An estimated 37,500 fun runners, amateur athletes, celebrities and elite sportsmen and women are taking part in the Virgin London Marathon.
The elite women runners began their race at 0900 BST, the elite wheelchair race started at 0920 BST and the elite men set off at 0945 BST.
Among the runners, more than 100 people will be attempting to break world records, said Guinness World Records.
They include the record for the fastest marathon on stilts.
Sunday’s race, which remains the world’s largest annual fund-raising event, is the last chance for elite British runners to claim a place in this summer’s Olympics.
Only one man, Scott Overall, has so far qualified for Team GB and he is the official London Marathon pace maker.
Rugby league stars Steve Prescott and Paul Sculthorpe are hoping to complete a grueling eight day challenge with the marathon.
Prescott, 38, was diagnosed with a rare form of stomach cancer in 2006 and is aiming to raise £16,000 for his charitable foundation.
The former St Helens players have already completed the Paris marathon, cycled 184 miles through France, and kayaked across the English Channel.
The pair then pedaled another 82 miles before setting off on the London race.
Prescott said: “We’re pretty tired but it’s been an incredible journey.”
Charley Phillips, 27, and George Phillips, 22, are aiming to break the current record for the fastest time on stilts – eight hours and 25 minutes.
The brother and sister from Hammersmith, west London, learnt circus skills as children and are hoping to raise £5,000 for Macmillan Cancer Support in memory of their mother, who died of lung cancer.
Mr Phillips said the pair had suffered from blisters down their legs from the stilts attachments and that manhole covers, cobbles and water bottles would be problematic, particularly if it rained.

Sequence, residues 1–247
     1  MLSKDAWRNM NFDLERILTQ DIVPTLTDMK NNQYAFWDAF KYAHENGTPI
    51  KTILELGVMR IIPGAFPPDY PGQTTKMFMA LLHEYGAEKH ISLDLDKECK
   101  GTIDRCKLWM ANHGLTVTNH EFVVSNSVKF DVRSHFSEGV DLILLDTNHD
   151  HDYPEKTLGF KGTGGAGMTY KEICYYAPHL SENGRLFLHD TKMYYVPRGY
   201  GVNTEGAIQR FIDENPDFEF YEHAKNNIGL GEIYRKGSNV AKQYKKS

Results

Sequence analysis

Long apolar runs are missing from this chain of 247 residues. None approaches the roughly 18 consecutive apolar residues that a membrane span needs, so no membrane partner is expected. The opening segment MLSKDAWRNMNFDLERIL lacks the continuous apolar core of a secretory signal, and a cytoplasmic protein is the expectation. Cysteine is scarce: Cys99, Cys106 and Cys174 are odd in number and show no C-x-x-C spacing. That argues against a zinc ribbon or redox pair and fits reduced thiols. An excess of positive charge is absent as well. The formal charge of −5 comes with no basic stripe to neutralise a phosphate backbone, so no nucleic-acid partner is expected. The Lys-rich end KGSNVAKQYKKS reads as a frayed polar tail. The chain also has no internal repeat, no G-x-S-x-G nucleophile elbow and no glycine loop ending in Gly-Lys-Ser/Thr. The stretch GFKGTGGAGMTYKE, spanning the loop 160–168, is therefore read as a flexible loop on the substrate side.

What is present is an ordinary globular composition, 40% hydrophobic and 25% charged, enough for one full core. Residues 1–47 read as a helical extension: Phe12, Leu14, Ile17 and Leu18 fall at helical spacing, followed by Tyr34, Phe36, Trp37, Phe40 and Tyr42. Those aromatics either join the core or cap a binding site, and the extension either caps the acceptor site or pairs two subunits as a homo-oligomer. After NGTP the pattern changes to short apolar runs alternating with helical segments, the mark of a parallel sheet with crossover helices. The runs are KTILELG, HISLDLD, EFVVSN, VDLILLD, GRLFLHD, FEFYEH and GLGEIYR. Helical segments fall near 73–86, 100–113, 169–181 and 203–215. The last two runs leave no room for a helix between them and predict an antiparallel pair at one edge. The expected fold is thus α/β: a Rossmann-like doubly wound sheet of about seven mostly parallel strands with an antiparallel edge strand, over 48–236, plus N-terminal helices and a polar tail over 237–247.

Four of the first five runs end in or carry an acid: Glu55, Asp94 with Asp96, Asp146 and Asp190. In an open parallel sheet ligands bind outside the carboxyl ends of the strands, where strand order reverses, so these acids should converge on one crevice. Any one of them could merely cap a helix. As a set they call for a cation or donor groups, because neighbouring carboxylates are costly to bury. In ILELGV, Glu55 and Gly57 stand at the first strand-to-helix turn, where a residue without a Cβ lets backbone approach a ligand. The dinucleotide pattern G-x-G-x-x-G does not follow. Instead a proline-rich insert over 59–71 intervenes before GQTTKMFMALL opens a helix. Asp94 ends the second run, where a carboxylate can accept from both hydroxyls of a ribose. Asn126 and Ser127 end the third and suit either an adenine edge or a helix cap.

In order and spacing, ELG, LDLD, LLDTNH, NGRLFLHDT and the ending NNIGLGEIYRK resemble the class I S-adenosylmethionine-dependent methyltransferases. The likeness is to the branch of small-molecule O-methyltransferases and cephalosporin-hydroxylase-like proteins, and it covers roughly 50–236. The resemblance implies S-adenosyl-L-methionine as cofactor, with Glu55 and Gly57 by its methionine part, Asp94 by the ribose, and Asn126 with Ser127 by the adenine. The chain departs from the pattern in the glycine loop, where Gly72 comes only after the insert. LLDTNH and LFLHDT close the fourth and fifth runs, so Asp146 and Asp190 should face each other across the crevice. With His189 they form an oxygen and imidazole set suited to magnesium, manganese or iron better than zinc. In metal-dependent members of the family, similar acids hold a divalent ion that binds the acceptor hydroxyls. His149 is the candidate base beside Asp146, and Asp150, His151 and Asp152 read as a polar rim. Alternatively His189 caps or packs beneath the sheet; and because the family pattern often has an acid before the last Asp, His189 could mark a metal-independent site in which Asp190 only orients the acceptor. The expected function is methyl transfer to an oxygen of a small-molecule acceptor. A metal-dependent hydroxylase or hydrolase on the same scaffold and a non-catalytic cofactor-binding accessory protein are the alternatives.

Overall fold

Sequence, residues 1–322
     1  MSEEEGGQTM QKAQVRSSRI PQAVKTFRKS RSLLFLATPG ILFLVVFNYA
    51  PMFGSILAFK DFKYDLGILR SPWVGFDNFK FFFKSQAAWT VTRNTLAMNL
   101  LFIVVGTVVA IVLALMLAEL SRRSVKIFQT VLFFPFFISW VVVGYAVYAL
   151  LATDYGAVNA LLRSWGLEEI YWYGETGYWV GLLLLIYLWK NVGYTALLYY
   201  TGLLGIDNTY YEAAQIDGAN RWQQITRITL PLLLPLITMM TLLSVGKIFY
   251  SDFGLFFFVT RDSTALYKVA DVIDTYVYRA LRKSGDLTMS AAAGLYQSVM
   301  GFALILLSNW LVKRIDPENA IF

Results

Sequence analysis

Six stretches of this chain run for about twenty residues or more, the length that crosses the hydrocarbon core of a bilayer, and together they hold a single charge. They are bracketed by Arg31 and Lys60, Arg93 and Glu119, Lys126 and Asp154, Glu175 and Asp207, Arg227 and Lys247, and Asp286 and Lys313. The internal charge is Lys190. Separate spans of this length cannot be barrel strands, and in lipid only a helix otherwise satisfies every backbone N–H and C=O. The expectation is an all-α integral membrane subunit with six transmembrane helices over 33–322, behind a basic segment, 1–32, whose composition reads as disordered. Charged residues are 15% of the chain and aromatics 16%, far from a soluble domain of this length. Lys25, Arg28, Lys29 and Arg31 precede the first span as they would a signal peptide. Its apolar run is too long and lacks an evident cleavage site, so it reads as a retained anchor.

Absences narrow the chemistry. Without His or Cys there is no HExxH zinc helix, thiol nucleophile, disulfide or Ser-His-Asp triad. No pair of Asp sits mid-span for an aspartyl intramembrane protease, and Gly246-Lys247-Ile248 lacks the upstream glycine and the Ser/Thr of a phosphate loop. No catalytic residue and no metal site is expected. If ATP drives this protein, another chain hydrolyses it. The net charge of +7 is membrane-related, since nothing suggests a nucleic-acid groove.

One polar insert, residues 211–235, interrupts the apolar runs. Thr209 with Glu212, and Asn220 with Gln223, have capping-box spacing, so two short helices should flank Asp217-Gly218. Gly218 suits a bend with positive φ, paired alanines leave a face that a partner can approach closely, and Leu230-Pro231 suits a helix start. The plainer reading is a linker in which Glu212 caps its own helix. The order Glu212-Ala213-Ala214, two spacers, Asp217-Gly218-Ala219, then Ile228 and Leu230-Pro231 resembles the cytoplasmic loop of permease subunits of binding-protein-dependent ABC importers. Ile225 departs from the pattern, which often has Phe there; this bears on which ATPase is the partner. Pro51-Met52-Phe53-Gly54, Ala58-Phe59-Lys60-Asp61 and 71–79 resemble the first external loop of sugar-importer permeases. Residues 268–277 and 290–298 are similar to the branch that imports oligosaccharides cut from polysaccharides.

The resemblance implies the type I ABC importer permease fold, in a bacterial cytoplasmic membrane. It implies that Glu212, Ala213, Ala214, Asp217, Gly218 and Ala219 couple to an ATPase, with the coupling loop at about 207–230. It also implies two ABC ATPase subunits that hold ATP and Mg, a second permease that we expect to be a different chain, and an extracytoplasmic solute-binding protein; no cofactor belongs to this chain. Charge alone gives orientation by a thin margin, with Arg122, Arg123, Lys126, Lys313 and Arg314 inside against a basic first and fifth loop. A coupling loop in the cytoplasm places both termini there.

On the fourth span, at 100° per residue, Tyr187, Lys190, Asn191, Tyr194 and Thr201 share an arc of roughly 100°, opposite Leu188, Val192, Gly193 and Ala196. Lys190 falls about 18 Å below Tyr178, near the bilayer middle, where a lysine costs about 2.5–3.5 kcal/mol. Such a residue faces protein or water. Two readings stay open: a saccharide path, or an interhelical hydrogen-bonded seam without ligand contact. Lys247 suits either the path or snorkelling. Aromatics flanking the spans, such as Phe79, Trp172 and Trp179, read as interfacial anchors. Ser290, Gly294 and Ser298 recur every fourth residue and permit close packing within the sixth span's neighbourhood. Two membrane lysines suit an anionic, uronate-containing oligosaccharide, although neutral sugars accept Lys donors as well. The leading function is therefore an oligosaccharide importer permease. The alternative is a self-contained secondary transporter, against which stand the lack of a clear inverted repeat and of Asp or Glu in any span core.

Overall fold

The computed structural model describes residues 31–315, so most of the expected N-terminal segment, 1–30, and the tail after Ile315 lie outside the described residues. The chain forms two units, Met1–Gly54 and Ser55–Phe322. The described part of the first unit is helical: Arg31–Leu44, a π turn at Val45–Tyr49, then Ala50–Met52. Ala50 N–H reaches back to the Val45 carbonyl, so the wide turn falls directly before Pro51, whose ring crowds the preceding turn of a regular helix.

Before the race he said: “We went to Kensington Gardens and Hyde Park to train and people asked us if it was some kind of crazy exercising regime.
“When we said it was for the marathon they said we must be insane.”
Sasha Kenney, 34, hopes to raise more than £2,000 for the NSPCC as she attempts to break the six-hour mark for the quickest hula hooping runner.
“Someone said to me it couldn’t be done,” said Ms Kenney, a fitness instructor from Wrexham, north Wales.
“I see a lot of that in my profession so I want to prove them wrong.”
BBC newsreader Sophie Raworth, 43, said she hoped to “stay upright” after collapsing during last year’s event.
She crashed into a barrier on the side of the road and blacked out when she reached the 23-mile mark in 2011. She is running for St John Ambulance.
Model Nell McAndrew is taking part in her sixth London Marathon.
Her times have been so quick that she has qualified to compete with the elite athletes and is trying to break the three-hour mark for the first time.
And Shadow Chancellor Ed Balls is running his first London marathon, on behalf of two organisations, Action for Stammering Children and Whizzkidz.
He said that despite all his experience in politics and the public eye it was a daunting task.
The 26.2 mile long route ends in The Mall.